* * *
Hey Murray, I thought I’d write this article, being it must be at least 10 years, but I’d somehow forgotten the year so I googled you and there you are frozen in time – they wrote you up in the trades in LA – they said how we were working on the prequels for George [Lucas] but we already knew the deal across the ditch had been done – eh? We’d already had a few disappointments that year and this was just another one, though nothing we couldn’t handle – I always thought the old air force hangars at Wigram was a much better idea but somehow the Aussie government came up with a better offer, our government came up with nothing – oh well, shit happens – they used the description “by his own hand” in the Variety article: such a weird clinical way of describing suicide, don’t you think?
I’m sorry I told you off on that Monday morning; but despite that, thank you for saying “We’ll get that movie up” – my movie, always generous to a fault: I saw you standing at the top of the stairs and watching me to the door – I think I waved back (I hope I waved): I now believe you were saying goodbye. I’m sorry I couldn’t stay that morning but I had stuff to do up North but I was keen for you to met the Yank writer I’d dragged into the fray… We were on a high and had broken the back of the story, given it a bloody good “seeing to”, as you said, and we wanted to share that moment with you. I knew you’d understand the hurdles we’d cleared; the coffee you made was great.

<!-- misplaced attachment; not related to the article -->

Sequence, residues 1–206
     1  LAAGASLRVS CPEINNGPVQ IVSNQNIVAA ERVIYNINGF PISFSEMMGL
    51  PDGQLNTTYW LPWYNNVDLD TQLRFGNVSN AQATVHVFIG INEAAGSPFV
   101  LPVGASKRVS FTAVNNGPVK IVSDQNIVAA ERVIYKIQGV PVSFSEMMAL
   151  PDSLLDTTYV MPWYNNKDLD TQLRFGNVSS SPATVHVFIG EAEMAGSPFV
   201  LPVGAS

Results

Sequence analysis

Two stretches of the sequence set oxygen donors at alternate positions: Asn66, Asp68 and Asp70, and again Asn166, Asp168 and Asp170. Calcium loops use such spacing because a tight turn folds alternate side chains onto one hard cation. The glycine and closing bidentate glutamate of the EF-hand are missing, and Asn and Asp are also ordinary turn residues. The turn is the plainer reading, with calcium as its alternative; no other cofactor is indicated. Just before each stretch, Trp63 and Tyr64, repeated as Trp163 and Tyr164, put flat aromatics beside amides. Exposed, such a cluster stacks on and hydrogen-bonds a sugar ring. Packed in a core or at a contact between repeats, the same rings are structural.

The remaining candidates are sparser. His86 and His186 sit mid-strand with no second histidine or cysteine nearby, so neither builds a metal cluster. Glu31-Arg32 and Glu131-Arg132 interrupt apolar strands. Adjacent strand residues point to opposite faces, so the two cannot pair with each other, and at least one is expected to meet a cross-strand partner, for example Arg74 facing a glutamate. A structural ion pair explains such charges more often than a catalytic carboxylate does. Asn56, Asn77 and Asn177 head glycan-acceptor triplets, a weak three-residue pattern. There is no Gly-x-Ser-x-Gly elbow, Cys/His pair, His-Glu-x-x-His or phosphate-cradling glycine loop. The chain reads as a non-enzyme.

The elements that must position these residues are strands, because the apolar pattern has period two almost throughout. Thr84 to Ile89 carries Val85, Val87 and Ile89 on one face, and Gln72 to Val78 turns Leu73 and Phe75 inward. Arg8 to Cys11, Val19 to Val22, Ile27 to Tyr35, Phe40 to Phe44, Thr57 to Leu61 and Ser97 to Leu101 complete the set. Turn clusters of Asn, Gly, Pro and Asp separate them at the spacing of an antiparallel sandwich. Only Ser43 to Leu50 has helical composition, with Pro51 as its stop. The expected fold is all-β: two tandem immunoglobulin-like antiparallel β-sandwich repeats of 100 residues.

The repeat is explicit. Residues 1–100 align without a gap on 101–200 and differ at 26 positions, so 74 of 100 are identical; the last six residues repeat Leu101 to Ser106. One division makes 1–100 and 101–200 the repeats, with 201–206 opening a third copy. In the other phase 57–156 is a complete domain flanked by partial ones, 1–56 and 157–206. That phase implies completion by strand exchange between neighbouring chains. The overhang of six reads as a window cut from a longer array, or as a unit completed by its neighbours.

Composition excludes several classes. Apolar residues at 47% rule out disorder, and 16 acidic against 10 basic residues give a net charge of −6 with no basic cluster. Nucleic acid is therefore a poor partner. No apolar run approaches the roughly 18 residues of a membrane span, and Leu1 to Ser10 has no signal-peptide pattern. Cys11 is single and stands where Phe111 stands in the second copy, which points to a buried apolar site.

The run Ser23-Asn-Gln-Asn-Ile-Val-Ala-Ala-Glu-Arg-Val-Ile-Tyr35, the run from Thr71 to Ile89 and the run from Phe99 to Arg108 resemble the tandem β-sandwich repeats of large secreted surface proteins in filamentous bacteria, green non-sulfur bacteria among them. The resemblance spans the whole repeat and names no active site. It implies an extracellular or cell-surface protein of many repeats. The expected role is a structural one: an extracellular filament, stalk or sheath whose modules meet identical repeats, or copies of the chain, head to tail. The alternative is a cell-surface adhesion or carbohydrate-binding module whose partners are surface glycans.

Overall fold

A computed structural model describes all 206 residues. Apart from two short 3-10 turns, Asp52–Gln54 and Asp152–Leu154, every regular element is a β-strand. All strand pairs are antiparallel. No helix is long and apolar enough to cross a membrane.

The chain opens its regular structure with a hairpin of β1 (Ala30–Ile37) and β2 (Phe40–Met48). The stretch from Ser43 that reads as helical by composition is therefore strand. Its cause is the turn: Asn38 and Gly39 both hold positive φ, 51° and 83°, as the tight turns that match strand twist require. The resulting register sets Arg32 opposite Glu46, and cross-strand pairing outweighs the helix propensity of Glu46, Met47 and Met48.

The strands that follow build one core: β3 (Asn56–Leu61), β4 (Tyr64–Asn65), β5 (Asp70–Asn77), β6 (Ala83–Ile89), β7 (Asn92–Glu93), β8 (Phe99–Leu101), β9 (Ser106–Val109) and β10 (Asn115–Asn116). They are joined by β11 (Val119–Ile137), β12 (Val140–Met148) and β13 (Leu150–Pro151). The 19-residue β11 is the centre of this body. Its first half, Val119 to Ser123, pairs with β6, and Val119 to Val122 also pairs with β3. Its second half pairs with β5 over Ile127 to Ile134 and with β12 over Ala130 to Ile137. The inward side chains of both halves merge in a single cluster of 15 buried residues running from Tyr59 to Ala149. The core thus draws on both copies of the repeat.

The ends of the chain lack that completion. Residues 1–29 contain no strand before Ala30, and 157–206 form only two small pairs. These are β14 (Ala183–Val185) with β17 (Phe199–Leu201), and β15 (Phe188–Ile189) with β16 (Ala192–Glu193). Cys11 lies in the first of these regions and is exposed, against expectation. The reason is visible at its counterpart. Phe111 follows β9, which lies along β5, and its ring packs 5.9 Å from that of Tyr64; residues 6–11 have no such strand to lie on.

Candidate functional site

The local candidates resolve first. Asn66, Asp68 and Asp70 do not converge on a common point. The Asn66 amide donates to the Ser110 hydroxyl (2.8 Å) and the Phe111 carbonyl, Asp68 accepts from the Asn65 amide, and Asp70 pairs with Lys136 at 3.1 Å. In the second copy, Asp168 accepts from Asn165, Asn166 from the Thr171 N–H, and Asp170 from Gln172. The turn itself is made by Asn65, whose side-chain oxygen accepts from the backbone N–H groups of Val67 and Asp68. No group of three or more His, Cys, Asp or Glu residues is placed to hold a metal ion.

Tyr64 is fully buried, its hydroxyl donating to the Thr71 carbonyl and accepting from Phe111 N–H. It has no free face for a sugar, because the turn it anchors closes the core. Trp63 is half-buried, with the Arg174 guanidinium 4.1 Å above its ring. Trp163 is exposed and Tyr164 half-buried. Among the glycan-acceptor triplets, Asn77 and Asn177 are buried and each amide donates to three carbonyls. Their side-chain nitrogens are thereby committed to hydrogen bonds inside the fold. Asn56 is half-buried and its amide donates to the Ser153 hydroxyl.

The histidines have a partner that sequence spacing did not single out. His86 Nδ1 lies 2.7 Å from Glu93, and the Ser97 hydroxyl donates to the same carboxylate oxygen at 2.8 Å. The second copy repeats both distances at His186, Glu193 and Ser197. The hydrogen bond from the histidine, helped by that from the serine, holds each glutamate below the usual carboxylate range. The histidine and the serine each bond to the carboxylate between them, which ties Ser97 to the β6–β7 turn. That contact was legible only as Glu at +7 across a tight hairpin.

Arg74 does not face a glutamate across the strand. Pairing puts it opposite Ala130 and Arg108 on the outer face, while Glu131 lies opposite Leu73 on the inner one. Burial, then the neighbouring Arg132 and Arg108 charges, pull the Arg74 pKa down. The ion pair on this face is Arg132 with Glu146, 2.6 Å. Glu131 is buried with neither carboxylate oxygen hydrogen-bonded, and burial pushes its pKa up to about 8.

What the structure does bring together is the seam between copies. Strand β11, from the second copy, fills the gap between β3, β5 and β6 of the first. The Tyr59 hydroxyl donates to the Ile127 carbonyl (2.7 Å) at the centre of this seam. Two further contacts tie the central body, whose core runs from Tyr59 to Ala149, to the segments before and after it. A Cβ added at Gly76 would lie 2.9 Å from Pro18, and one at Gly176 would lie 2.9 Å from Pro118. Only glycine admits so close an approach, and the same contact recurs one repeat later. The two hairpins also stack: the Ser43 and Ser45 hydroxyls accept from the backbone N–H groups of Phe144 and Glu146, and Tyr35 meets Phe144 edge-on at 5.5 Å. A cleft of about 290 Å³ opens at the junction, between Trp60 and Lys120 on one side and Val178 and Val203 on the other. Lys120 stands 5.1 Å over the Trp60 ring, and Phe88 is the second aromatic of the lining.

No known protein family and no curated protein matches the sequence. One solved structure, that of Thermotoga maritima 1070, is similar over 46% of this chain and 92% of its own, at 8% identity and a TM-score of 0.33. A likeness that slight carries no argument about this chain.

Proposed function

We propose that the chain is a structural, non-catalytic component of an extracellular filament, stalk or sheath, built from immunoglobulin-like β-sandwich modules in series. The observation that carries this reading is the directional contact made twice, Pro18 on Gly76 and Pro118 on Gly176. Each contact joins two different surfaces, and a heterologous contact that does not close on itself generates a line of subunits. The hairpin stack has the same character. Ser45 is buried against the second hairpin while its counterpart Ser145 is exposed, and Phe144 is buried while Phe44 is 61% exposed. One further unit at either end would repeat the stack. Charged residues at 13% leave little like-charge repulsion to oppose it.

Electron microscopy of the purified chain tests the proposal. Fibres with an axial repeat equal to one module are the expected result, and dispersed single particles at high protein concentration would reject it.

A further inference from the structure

* * *
I started to notice that my colleagues in the film and TV business would cross the road when they saw me coming – I suspect the pain of knowing someone who knew too much detail was just too hard – maybe I was seen as a possible reason? You know, after all, close friends should see this coming – close friends wouldn’t let you kill yourself, a close friend would stay about the place: but close friends pick up the pieces and wrestle with ‘how come’ and the ‘why’ – close friends wrestle with the profound truth of something we still don’t understand – close friends deal with it and move on, especially when we accept the only thing that we can – and that is to speak to the finality of it all.
We still don’t talk so much about this taboo – we talk around it – I tried to get some TV stuff up – but they didn’t want it – and no matter what the experts say there’s still more than a slight whiff of “spineless bastard” in what’s not being said – I did myself at about the same time as I blamed myself – also a great New Zealand tradition, find someone to blame – you’ll do – just happened to be the guy in the mirror.
* * *
That Wednesday morning I knew Murray had spoken with the NZFC; the first visitor to the house the day after was Barry E. He’d been previously mentioned in dispatches and it was a generous moment and we all cried together as we chose the clothes that Murray might wear in the coffin – cowboy boots and suit. Somehow the hardest phone calls to field were the ones from offshore; something to do with the different time zone?